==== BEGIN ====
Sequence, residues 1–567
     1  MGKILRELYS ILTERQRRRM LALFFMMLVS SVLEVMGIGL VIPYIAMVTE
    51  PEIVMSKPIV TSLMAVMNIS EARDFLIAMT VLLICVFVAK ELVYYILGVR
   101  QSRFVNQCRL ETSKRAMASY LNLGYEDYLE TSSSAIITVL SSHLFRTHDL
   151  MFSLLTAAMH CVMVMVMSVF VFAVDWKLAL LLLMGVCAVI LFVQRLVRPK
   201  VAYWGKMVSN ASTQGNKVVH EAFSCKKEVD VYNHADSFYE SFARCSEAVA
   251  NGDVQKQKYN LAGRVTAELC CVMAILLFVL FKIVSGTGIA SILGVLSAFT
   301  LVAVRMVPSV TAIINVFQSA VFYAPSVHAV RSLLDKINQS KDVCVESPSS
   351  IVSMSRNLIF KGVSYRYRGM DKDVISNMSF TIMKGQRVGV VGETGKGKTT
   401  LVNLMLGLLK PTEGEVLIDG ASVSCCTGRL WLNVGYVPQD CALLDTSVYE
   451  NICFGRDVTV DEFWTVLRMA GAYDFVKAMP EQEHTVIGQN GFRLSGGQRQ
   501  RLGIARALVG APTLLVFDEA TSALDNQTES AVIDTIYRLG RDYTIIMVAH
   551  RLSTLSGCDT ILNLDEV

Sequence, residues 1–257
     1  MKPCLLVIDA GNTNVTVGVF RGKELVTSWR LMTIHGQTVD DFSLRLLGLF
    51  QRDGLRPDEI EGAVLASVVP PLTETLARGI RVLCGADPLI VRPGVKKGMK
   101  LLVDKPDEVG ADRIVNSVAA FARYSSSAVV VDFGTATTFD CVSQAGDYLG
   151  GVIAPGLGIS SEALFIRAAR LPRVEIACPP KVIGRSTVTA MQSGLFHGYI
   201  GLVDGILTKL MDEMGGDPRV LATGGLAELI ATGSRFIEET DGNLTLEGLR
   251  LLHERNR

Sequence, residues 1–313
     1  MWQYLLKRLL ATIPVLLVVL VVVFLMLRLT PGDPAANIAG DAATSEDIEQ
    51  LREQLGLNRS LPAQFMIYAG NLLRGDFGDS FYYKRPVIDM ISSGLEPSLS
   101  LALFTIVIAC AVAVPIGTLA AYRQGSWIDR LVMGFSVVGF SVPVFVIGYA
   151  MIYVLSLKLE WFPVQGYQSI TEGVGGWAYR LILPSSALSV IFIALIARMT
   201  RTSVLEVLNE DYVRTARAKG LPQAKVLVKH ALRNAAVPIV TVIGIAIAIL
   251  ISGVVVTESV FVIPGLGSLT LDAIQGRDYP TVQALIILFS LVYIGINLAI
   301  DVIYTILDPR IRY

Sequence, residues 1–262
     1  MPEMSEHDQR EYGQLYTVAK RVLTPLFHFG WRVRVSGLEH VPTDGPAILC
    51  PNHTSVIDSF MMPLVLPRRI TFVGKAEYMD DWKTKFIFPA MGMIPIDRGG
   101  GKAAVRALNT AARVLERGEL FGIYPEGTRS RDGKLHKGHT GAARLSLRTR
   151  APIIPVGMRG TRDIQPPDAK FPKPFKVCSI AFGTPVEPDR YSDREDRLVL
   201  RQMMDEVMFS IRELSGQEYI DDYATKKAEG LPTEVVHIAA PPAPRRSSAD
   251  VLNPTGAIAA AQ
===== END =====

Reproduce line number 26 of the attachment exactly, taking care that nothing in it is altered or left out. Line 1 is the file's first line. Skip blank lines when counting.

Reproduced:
   201  RTSVLEVLNE DYVRTARAKG LPQAKVLVKH ALRNAAVPIV TVIGIAIAIL